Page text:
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Keywords:

  • pancreas;
  • endoscopy;
  • molecular genetics

Abstract

  1. Top of page
  2. Abstract
  3. Introduction
  4. Methods of Molecular Analysis
  5. Results of Molecular Analysis
  6. Combinations of Markers
  7. Correlation Between Genetic Analysis, Histology, and Cyst Fluid CEA Level
  8. Discussion
  9. Summary
  10. Conflicts of interest
  11. Funding source
  12. References
  13. Appendix

Pancreatic cyst detection is increasing largely due to increasing use of cross-sectional imaging. The management of pancreatic cysts differs for true cysts, pseudocysts, mucinous cysts, nonmucinous cysts, and malignant lesions. Depending on the setting, diagnostic tests, such as cross-sectional imaging, endoscopic ultrasound, cyst fluid chemistry, and cytology, have moderate accuracy in characterizing the cyst subtype. Molecular analysis of cyst fluid aspirates has shown promise in preliminary studies and may require smaller fluid volumes than is needed for carcinoembryonic antigen level and cytology. This article reviews published studies in which molecular analysis was performed in the evaluation of pancreatic cysts. The molecular studies are compared with the conventional tests. Most studies have had moderate sample sizes (16–124) and have characterized a high proportion of patients with malignant cysts. Evaluation of molecular analysis as a diagnostic tool merits larger prospective trials with long-term follow-up of patients who are not sent to surgery. Larger cysts may meet size criteria for resection, and it is the smaller cysts for which molecular analysis may be of benefit if additional molecular testing results in a change in management. Clin Trans Sci 2012; Volume 5: 102–107


Introduction

  1. Top of page
  2. Abstract
  3. Introduction
  4. Methods of Molecular Analysis
  5. Results of Molecular Analysis
  6. Combinations of Markers
  7. Correlation Between Genetic Analysis, Histology, and Cyst Fluid CEA Level
  8. Discussion
  9. Summary
  10. Conflicts of interest
  11. Funding source
  12. References
  13. Appendix

The detection of pancreatic cysts has increased largely due to the increasing use of cross-sectional imaging. Pancreatic cysts often represent an incidental finding on an imaging study performed for unrelated reasons. A review of 24,000 abdominal computed tomography (CT) and magnetic resonance imaging (MRI) studies over an 8-year period revealed that 1.2% of the patients had pancreatic cysts.1 Another study of patients undergoing CT scan for unrelated reasons demonstrated aprevalence of 2.6 per 100 patients.2 A retrospective review of 1,944 pancreaticoduodenectomies showed 118 (6.1%) incidental pancreatic lesions. Eighty-six (4.4%) were identified on imaging and the rest by lab studies or endoscopy3 Pancreatic cysts were identified in 19.6% of 1,444 patients who underwent an MRI in another study4 A series of 475 pancreatic resections showed that 13.5% of these operations were performed for incidental pancreatic lesions.5 The incidental finding of a cystic pancreatic lesion can cause concern for patients and for providers, and cross-sectional imaging is not able to characterize many cysts as benign or malignant. Cyst fluid aspirates for carcinoembryonic antigen (CEA) and amylase may suggest a mucinous or nonmucinous subtype but are not diagnostic. Cyst fluid cytology can be specific but has a very low sensitivity in the setting of cystic lesions of the pancreas. Cysts with malignant potential include mucinous cystic neoplasms, intraductal papillary mucinous neoplasms (IPMNs), and solid pseudopapillary neoplasms. There is minimal malignant potential with serous cystadenomas (Table 1).6 Improving the preoperative diagnosis and characterization of the malignant potential of pancreatic cysts would be of great benefit to the large number of patients with these lesions. This article describes the methods of molecular analysis, the interpretation of the results, and the various studies evaluating the use of molecular analysis for the diagnosis of pancreatic cysts.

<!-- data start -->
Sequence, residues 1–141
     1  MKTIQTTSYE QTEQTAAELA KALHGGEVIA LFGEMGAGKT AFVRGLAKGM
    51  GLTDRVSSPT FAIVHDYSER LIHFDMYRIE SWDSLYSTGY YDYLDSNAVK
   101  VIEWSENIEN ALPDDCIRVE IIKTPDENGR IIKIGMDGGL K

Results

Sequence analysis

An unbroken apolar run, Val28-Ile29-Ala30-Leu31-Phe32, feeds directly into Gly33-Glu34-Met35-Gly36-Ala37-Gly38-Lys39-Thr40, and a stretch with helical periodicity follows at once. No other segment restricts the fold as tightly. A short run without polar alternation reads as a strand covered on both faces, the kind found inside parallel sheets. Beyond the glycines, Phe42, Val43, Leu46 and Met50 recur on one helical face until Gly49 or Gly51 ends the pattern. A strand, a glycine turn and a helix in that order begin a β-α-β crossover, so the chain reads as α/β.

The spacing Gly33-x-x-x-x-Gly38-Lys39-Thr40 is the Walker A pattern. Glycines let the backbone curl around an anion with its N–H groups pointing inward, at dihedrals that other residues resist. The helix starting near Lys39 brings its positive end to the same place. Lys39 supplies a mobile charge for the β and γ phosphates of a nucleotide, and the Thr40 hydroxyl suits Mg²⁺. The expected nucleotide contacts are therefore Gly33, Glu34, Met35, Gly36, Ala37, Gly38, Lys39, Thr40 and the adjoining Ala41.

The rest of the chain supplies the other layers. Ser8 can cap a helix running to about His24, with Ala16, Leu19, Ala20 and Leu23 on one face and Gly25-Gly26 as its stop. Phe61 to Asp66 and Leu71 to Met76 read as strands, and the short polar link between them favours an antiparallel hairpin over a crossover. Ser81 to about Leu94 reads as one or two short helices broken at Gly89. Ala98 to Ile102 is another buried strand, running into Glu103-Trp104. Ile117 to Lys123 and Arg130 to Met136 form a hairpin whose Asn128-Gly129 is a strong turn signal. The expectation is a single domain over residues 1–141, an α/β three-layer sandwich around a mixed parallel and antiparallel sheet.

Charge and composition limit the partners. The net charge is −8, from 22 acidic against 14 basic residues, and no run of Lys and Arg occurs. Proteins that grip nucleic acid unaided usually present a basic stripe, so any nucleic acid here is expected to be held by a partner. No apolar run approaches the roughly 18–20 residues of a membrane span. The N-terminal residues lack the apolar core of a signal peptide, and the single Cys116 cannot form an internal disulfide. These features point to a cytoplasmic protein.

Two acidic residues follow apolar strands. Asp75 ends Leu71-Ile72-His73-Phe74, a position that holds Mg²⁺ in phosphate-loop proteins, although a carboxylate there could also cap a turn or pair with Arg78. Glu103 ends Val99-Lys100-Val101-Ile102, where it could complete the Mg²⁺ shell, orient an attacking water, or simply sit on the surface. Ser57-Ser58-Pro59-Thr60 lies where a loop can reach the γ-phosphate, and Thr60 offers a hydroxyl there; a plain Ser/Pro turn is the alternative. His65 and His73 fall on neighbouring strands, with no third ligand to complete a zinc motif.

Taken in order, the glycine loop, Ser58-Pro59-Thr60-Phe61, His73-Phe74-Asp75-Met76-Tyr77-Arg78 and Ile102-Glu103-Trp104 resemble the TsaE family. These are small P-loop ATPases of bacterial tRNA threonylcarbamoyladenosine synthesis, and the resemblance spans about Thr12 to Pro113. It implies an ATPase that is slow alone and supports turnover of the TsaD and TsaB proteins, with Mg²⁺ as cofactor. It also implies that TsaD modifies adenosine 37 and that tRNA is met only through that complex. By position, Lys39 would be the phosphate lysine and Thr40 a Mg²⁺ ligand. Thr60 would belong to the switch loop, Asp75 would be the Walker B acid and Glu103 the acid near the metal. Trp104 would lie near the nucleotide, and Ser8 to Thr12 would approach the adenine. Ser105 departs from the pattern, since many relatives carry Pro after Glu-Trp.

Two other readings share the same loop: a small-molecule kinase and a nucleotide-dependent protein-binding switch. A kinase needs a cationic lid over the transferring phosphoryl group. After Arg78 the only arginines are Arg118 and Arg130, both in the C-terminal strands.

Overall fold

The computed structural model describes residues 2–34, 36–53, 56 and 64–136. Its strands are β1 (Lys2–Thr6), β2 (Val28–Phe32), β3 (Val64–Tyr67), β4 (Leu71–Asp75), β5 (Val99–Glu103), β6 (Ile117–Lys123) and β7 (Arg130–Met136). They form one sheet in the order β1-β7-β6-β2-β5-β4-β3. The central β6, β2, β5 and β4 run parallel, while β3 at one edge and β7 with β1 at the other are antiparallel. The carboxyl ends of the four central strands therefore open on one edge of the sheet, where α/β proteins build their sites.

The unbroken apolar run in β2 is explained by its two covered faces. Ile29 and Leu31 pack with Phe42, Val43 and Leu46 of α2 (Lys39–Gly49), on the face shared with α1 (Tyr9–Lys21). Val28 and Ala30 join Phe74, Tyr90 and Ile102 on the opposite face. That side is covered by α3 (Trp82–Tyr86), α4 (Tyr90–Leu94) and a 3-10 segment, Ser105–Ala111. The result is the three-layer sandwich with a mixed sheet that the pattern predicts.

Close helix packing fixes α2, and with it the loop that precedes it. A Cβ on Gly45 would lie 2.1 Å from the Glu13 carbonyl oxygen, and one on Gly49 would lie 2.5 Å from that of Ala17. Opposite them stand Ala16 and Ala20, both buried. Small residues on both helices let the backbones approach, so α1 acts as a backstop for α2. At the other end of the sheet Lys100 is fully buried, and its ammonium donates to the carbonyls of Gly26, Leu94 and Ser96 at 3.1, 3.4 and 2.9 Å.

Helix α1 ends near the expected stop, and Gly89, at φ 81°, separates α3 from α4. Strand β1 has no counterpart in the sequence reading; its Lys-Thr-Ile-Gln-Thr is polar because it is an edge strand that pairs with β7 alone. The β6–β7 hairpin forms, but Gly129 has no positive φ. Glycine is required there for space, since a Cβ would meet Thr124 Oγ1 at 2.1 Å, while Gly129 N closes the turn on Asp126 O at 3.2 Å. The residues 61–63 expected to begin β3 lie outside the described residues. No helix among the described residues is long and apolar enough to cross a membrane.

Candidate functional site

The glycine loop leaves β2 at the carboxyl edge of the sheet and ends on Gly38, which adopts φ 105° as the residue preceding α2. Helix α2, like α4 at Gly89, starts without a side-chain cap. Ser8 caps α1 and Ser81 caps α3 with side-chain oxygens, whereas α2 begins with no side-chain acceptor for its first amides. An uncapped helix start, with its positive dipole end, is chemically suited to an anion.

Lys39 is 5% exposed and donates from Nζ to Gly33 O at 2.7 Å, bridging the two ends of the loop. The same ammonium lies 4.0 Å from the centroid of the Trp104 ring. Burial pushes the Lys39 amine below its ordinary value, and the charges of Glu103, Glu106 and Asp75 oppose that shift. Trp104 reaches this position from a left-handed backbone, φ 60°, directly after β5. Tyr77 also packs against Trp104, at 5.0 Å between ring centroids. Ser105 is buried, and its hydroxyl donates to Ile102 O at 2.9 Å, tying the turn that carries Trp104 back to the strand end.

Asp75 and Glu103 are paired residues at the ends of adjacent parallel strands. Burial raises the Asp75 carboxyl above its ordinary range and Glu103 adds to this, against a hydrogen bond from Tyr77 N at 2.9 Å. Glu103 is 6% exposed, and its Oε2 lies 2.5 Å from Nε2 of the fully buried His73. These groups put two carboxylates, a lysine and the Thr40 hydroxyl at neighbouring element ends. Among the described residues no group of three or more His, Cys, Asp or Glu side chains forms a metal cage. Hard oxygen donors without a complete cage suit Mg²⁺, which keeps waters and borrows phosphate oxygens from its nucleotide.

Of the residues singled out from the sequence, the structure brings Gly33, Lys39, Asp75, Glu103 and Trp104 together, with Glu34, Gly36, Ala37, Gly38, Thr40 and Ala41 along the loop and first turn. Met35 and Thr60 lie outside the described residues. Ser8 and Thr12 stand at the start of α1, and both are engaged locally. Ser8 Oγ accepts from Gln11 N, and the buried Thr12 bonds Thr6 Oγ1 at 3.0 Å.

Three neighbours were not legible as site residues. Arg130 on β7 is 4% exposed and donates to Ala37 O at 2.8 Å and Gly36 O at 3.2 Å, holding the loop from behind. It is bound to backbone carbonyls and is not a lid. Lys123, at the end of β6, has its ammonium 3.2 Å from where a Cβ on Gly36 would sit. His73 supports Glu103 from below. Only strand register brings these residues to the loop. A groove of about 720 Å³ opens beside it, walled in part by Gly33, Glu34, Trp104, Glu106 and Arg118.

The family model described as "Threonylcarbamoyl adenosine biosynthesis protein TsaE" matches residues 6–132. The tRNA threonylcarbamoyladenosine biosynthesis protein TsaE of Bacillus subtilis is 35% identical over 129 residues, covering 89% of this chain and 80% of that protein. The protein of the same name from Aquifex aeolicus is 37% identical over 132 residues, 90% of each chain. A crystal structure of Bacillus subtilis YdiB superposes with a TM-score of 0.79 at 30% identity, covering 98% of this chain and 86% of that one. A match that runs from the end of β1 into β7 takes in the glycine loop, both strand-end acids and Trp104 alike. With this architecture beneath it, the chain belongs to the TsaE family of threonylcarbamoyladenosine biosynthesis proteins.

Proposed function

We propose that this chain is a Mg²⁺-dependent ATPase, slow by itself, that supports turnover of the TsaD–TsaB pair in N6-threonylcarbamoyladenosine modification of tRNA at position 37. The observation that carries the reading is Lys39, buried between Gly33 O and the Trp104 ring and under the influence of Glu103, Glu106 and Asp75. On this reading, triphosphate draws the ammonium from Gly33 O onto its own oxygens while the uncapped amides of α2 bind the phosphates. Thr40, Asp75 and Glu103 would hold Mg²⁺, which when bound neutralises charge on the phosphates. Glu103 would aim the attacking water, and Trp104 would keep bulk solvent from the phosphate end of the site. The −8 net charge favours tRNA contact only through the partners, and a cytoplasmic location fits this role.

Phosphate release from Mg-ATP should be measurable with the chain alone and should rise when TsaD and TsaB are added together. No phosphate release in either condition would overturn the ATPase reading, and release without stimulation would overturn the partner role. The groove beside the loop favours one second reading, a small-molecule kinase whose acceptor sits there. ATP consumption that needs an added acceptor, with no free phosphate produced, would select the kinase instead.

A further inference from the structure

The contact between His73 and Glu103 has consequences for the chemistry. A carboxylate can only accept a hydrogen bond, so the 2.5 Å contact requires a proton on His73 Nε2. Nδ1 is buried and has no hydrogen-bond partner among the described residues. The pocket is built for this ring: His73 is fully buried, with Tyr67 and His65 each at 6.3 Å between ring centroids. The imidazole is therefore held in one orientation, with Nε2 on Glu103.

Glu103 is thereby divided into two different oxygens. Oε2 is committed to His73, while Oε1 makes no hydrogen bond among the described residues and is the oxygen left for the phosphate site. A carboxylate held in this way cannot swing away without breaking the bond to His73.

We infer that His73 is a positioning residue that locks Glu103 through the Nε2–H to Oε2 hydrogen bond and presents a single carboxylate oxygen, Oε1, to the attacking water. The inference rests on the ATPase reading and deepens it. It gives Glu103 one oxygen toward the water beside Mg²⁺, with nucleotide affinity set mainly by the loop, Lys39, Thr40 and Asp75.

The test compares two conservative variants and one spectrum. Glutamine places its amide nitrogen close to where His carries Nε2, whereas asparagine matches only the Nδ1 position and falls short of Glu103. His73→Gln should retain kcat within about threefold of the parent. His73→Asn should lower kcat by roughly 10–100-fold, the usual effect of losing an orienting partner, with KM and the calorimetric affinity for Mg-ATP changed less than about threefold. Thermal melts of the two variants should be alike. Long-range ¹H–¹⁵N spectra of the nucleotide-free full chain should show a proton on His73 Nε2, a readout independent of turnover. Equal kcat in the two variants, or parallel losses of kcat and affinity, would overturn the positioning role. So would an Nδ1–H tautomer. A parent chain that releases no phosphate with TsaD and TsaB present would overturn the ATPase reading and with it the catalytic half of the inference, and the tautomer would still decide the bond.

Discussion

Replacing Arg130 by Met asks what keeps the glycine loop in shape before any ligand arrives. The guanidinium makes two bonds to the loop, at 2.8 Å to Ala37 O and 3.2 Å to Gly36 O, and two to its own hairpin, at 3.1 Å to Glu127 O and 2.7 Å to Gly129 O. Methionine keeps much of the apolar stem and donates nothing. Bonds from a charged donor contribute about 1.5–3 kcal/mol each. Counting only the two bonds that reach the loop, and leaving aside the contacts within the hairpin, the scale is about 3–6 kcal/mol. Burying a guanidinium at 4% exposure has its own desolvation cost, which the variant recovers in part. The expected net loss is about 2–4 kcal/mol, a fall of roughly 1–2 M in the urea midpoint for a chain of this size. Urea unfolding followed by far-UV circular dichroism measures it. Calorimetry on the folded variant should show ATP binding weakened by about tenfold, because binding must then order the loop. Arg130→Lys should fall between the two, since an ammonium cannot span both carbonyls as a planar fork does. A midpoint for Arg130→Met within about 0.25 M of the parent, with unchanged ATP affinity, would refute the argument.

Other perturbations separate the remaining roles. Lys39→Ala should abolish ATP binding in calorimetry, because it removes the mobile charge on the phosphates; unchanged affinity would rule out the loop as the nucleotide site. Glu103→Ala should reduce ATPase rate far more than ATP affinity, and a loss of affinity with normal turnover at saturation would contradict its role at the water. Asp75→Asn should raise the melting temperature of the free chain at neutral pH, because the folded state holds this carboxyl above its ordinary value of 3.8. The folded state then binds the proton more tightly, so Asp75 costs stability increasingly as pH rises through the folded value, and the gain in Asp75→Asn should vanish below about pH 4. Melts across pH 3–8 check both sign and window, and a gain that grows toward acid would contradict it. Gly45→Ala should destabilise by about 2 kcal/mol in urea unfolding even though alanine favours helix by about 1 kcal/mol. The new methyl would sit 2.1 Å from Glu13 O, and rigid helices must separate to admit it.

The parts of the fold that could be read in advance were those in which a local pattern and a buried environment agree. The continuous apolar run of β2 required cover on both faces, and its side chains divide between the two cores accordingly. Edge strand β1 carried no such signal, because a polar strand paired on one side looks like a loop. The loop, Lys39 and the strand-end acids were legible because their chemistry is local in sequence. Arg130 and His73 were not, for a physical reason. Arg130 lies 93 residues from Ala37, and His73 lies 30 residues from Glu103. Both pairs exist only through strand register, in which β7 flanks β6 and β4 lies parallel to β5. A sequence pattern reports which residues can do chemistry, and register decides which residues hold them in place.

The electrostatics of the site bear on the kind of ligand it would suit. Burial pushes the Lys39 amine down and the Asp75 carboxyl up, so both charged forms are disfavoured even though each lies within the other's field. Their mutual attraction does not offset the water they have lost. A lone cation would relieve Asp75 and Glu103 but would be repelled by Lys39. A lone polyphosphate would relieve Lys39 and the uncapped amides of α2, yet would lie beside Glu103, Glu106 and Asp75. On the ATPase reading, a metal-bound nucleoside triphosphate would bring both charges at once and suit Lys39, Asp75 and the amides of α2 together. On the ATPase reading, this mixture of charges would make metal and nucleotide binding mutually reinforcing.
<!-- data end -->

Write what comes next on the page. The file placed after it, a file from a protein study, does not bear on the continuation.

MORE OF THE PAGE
Table 1.  Cysts of the pancreas.6